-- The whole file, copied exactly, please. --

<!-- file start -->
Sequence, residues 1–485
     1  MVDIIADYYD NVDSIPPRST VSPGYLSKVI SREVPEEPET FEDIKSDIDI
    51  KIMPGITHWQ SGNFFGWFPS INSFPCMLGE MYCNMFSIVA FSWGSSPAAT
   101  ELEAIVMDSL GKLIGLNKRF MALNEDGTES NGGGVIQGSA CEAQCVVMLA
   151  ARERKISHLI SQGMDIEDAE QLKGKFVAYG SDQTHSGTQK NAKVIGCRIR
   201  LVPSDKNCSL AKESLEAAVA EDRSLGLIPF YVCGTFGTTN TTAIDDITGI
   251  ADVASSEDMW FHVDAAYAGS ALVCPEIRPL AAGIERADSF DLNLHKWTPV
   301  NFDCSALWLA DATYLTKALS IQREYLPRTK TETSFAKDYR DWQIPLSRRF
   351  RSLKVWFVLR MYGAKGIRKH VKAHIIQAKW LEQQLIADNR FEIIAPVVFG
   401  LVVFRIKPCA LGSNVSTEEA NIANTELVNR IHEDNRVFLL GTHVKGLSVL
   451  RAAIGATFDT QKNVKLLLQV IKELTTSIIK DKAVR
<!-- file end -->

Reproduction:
Sequence, residues 1–485
     1  MVDIIADYYD NVDSIPPRST VSPGYLSKVI SREVPEEPET FEDIKSDIDI
    51  KIMPGITHWQ SGNFFGWFPS INSFPCMLGE MYCNMFSIVA FSWGSSPAAT
   101  ELEAIVMDSL GKLIGLNKRF MALNEDGTES NGGGVIQGSA CEAQCVVMLA
   151  ARERKISHLI SQGMDIEDAE QLKGKFVAYG SDQTHSGTQK NAKVIGCRIR
   201  LVPSDKNCSL AKESLEAAVA EDRSLGLIPF YVCGTFGTTN TTAIDDITGI
   251  ADVASSEDMW FHVDAAYAGS ALVCPEIRPL AAGIERADSF DLNLHKWTPV
   301  NFDCSALWLA DATYLTKALS IQREYLPRTK TETSFAKDYR DWQIPLSRRF
   351  RSLKVWFVLR MYGAKGIRKH VKAHIIQAKW LEQQLIADNR FEIIAPVVFG
   401  LVVFRIKPCA LGSNVSTEEA NIANTELVNR IHEDNRVFLL GTHVKGLSVL
   451  RAAIGATFDT QKNVKLLLQV IKELTTSIIK DKAVR